Common fall-related injuries for seniors

Falls are considered the leading cause of death from injury among people that are 65 or older. Although falling could not seem as a very serious problem, and sometimes it only results in minor injuries, it is estimated that a 10% of falls result in major injuries, like hip fractures or cranial damage. This is a very serious problem for seniors, so in this article we will show the most common fall-related injuries for seniors and some ways to prevent them.

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Fractures

Seniors are more susceptible to fractures due to the loss of bone density, causing them to lose the ability of resisting cracks. Tibia, ankle, hip and femur fractures are the most frequent.

In fact, hip fractures are one of the most common fall-related injuries for seniors, as they are the most frequent cause of hospitalization caused by a fall among the elders. Even though it is pretty common, hip fractures represent a very serious injury that can cause more complications in the future and it is usually very expensive to treat. Patients with hip fractures will usually have to deal with a lot of pain and mobility problems. These fractures also have a high mortality rate as it is estimated that one in 5 dies within a year of the injury.

Something important to consider is that a 60% of the falls happen at home, due to slippery surfaces or tripping obstacles, so it is important to be very careful in places like the bathroom, as it is very easy to fall in the shower or slipping with a mat. Other ways to prevent fractures are getting enough vitamin D and calcium, exercising to improve balance and strengthen bones, and using a walking aid if it is necessary.  Having good insurance is another consideration.  Find information and quotes for Medicare Advantage 2019 at the following link: https://www.medicareadvantage2019.org/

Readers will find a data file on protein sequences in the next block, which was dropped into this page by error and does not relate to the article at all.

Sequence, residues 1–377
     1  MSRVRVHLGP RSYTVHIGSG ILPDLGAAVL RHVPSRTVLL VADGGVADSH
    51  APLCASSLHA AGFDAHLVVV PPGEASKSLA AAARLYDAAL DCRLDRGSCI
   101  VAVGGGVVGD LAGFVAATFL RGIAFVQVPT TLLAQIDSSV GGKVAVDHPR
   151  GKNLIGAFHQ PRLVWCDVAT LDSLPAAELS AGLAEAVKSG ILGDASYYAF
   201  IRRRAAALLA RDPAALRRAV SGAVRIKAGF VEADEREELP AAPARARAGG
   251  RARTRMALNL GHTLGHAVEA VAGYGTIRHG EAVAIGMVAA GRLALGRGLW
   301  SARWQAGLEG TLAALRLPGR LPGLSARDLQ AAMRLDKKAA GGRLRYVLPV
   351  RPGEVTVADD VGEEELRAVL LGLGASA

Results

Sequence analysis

Traumatic Brain Injury (TBI)

     51% of Traumatic Brain Injury patients at the emergency department at hospitals are there because of a fall, and a quarter of these visits result in inpatient admission. It has been proven that most of seniors with Traumatic Brain Injury (73%) at hospitals had previous conditions. These conditions can increase the chance of falling.

Patients with fall related TBI present comorbid conditions such as diabetes mellitus, hypertension, dementia, Parkinson’s disease and depression. This is important because the risk of falling can increase if the person has certain conditions. For example, the risk of fall in older adults with diabetes mellitus is 1.97 if compared with the ones that don’t have the disease.

Having TBI can be a challenge, especially for seniors, because they are more likely to have other health issues, making their recovery and rehabilitation more difficult.

Knee Injuries

When people fall, no matter if it is a senior or someone younger, they are likely to land on their knees. However, injuries in this part of our bodies can be worse as we age due to our weaker bones. There are different types of knee injuries that can result from a fall and all of them should be properly treated, as they are likely to worsen with time.

First, we have fractures, which unfortunately are very serious and in most cases require surgery. Fractures are very painful and the person is usually unable to move until he or she is has healed. Then we have sprains, which occur when the ligaments of the knee are stretched beyond their capabilities. They are the result of a very sudden movement and they usually come with pain, bruising and stiffness.

Lastly, we have tears, which happen when the joint of the knee tears because of a sudden turn or twist of the knee. Tears can heal with physical therapy and in some cases they could require surgery.

In any of the cases below, it is important to seek professional help and don’t ignore the problem, as it could become more serious with time.